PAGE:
Credit Scores, Social Capital, and Stock Market Participation

45 Pages Posted: 5 Feb 2017

See all articles by Jesse Bricker

Jesse Bricker

Board of Governors of the Federal Reserve System

Geng Li

Federal Reserve Board

Date Written: 2017-02

Abstract

While a rapidly growing body of research underscores the influence of social capital on financial decisions and economic developments, objective data-based measurements of social capital are lacking. We introduce average credit scores as an indicator of a community's social capital and present evidence that this measure is consistent with, but richer and more robust than, those used in the existing literature, such as electoral participation, blood donations, and survey-based measures. Merging unique proprietary credit score data with two nationwide representative household surveys, we show that households residing in communities with higher social capital are more likely to invest in stocks, even after controlling for a rich set of socioeconomic, preferential, neighborhood, and demographic characteristics. Notably, such a relationship is robustly observed only when social capital is measured using community average credit scores. Consistent with the notion that social capital and trust promote stock investment, we find the following: first, the association between average credit score and stock ownership is more pronounced among the lower educated; second, social capital levels of the county where one grew up appear to have a lasting influence on future stock investment; and third, investors who did not own stocks before have a greater chance of entering the stock market a few years after they relocate to higher-score communities.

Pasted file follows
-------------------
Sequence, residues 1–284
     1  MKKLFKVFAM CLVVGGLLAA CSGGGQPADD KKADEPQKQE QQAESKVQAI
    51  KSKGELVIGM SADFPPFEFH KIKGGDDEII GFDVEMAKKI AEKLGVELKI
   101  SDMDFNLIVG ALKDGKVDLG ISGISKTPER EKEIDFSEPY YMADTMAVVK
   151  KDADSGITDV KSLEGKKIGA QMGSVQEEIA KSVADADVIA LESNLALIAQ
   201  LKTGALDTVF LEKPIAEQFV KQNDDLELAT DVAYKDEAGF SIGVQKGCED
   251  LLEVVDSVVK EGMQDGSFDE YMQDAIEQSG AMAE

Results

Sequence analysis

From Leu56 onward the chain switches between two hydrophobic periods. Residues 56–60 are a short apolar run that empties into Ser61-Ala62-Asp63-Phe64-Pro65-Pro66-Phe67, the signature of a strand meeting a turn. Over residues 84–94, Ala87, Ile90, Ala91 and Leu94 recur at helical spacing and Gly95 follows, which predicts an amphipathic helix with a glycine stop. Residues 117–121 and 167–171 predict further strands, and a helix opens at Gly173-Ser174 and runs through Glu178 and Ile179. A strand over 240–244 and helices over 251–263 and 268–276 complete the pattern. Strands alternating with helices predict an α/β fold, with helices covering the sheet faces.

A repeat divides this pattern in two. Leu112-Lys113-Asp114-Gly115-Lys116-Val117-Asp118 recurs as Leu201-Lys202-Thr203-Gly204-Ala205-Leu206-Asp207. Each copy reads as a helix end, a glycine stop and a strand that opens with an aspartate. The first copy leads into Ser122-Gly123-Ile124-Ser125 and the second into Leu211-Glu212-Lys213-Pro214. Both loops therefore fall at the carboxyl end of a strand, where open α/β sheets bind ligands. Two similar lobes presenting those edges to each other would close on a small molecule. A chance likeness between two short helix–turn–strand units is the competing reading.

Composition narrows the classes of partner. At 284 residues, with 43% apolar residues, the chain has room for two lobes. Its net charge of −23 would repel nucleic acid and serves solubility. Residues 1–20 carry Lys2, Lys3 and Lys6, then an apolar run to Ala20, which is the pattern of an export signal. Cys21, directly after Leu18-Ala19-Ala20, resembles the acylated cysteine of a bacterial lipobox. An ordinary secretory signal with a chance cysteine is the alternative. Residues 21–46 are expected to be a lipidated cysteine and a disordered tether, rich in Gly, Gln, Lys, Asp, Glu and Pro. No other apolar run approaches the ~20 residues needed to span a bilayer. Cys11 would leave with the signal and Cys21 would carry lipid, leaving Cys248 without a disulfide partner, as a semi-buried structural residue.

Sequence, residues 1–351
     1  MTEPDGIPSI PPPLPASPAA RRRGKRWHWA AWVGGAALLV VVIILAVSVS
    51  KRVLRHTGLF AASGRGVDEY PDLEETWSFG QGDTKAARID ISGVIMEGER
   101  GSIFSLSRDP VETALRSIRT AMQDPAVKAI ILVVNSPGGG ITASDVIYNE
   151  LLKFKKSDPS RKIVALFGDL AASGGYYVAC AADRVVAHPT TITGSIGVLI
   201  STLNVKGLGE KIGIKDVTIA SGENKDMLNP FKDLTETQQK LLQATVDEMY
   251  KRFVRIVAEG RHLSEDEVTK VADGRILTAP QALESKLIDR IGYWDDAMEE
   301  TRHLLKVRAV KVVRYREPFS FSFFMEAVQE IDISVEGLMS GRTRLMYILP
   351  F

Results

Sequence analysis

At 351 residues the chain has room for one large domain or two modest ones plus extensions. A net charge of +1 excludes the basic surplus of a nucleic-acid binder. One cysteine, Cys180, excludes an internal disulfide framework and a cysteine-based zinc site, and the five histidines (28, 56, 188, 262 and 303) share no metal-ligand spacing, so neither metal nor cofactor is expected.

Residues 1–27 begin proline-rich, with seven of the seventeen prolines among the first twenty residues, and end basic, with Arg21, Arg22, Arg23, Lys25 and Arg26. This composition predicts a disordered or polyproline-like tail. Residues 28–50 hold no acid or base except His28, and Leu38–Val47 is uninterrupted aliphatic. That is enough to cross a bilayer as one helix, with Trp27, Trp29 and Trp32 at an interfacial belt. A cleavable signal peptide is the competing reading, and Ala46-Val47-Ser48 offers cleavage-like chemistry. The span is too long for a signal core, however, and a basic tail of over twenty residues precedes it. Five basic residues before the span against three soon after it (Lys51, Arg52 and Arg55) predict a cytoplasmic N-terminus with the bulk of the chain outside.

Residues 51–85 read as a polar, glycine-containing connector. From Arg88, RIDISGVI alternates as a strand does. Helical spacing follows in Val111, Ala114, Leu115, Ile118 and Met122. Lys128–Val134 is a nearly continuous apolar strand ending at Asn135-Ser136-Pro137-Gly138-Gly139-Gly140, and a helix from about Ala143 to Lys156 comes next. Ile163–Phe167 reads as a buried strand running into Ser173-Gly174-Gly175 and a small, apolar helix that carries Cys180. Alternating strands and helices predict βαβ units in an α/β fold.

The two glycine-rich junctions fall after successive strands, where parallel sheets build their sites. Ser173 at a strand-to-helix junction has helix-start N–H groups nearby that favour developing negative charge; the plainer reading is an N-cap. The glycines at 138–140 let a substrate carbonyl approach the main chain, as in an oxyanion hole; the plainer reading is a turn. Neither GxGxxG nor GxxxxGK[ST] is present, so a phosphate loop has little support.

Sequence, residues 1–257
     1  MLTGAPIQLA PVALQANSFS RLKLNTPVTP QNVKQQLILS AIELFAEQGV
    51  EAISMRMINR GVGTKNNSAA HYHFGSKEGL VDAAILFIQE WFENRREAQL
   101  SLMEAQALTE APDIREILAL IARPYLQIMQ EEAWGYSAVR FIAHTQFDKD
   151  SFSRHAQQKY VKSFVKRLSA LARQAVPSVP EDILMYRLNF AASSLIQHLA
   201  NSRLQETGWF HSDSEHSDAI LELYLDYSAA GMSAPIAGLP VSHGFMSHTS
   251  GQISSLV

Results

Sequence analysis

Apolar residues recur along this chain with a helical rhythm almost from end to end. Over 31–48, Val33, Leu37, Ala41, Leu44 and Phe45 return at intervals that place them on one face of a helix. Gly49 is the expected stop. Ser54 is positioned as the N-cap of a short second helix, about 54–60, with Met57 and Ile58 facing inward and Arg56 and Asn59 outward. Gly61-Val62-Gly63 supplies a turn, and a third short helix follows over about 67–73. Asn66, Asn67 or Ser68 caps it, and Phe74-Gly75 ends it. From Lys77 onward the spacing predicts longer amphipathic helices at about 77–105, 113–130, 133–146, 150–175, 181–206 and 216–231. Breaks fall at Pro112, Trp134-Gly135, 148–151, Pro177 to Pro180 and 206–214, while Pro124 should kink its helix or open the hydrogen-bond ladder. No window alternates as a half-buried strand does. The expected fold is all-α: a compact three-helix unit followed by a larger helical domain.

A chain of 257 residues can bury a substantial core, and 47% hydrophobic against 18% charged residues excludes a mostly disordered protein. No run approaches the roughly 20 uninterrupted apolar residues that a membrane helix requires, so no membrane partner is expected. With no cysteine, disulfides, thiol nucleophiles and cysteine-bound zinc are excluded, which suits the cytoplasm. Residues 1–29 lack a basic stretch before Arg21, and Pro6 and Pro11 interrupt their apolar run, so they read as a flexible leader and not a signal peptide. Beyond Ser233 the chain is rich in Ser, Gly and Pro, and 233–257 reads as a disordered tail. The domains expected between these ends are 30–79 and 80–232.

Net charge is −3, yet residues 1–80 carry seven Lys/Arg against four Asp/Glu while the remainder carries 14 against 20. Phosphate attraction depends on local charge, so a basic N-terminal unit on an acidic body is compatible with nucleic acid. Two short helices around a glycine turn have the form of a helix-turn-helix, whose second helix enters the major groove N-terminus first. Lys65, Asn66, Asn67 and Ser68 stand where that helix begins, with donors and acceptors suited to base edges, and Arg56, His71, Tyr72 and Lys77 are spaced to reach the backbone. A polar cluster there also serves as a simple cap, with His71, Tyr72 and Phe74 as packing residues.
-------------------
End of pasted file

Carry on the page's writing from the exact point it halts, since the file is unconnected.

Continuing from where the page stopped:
Keywords: Credit scores, Social Capital, Stock market participation, Trust

JEL Classification: D14, G10, O16

Suggested Citation

Bricker, Jesse and Li, Geng, Credit Scores, Social Capital, and Stock Market Participation (2017-02). FEDS Working Paper No. 2017-008, Available at SSRN: https://ssrn.com/abstract=2911760 or http://dx.doi.org/10.17016/FEDS.2017.008

Jesse Bricker (Contact Author)

Board of Governors of the Federal Reserve System ( email )

20th Street and Constitution Avenue NW
Washington, DC 20551
United States

Geng Li

Federal Reserve Board ( email )

20th Street and Constitution Avenue NW
Washington, DC 20551
United States

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